All Quiet on the Western Front

Remarque?s All Quiet on the Western Front, a novel set in World War I, centers around the changes brought by the war onto one young German soldier. During his time in the war, Remarque?s protagonist, Paul Baumer, changes from a rather innocent romantic young man to a hardened and somewhat caustic veteran. The story also focuses on the lives of Baumer?s comrades. They all begin by patriotically marching off to join the army. However, their visions of the glories of war are soon swept away with horror as true friends die in the battlefield. The soldiers go in fresh from school, knowing nothing except the environment of hopeful youth. At nineteen and twenty, they come to a premature and distorted maturity with the war...their only home. Throughout the length of the novel, Paul learns of the hardship war brings. He learns the destructiveness of war.

During the course of his experience with war, Baumer disaffiliates himself from those societal icons--parents, elders, school, and religion--that had been the foundation of his pre-enlistment days, in order to mature. His new society, then, becomes the company, his fellow trench soldiers. They are a group who understands the truth as Baumer has experienced it. A period of leave when he visits his hometown is disastrous for Baumer because he realizes that he can not communicate with the people on the home front. His military experiences and the home front settlers? limited, or nonexistent, understanding of the war do not allow for a discussion. When he arrives home and greetings are exchanged, he realizes immediately that he has nothing to say to his mother. " We say very little and I am thankful that she asks nothing" (Ch. 7 P.141). The fact that he does not wish to speak with his parents shows Baumer?s movement away from the traditional institution of the family. His mother finally speaks to him and asks, " was it very bad out there, Paul?" (Ch.7 P. 143) However, Baumer cannot respond to his mother?s question: he understands that the experiences he has had are so overwhelming that " civilian language", or any language at all, would be ineffective in describing them. Trying to replicate the experience and horrors of the war via words is impossible, Baumer realizes this and so he lies, and is able to restore his family?s faith in him. Any attempt at telling the truth would, in fact, trivialize its reality. However, family destruction is not all that Baumer sees, he experiences the physical destructiveness of the war, as well.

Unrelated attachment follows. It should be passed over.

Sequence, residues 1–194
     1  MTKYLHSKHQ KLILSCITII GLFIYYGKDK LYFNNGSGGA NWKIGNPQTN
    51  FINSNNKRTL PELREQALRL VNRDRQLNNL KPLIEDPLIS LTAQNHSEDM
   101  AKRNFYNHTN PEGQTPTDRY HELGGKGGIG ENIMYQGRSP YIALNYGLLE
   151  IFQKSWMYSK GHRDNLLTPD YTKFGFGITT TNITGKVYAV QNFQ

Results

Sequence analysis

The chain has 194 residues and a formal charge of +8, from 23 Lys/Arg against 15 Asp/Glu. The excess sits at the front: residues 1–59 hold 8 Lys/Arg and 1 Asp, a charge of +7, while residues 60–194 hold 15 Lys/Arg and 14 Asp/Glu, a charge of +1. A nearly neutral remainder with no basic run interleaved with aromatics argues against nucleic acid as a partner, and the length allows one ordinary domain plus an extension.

As in any well prepared and fought war, human casualties and destruction is unavoidable. However, in a war where soldiers are not sufficiently trained, weapons are used too frequently, and hospitals are under developed, death is inevitable. Baumer witnesses death and the pain that accompanies it all too much. " Leer groans as he supports himself on his arm, he bleeds quickly no one can help him" (Ch.11 P.240). This is not the first time Paul has observed death. He has watched it numerous times before. It is unfeasible to contemplate that these sights have had no affect on Paul. Death is one of the most feared things in the world today, and Paul, at only 20 years old, has seen it all too often. However, Paul has also had an encounter with death that hit more closely to home-- his own. " He fell in October 1918, on a day that was so quiet and still on the whole front...All Quiet on the Western Front" (Ch. 12 P. 248). It was said in the book that Paul had fallen as if he was sleeping--he had no sign of suffering on his face. This is exactly how Paul wanted to leave. Paul was tired of life. It had nothing in store for him. However, it came too late for Paul for he had already experienced the misfortunes of war.

During times of war, physical ruin is not the only thing that is felt; mental deterioration is also encountered. Contrary to most beliefs, mental deterioration occurs when rage builds up inside. Rage against the enemy for murdering your comrades, or demolishing you homeland. However when the truth is revealed, that we are all brothers, true mental struggle is seen. " Comrade, I did not want to kill you...Why do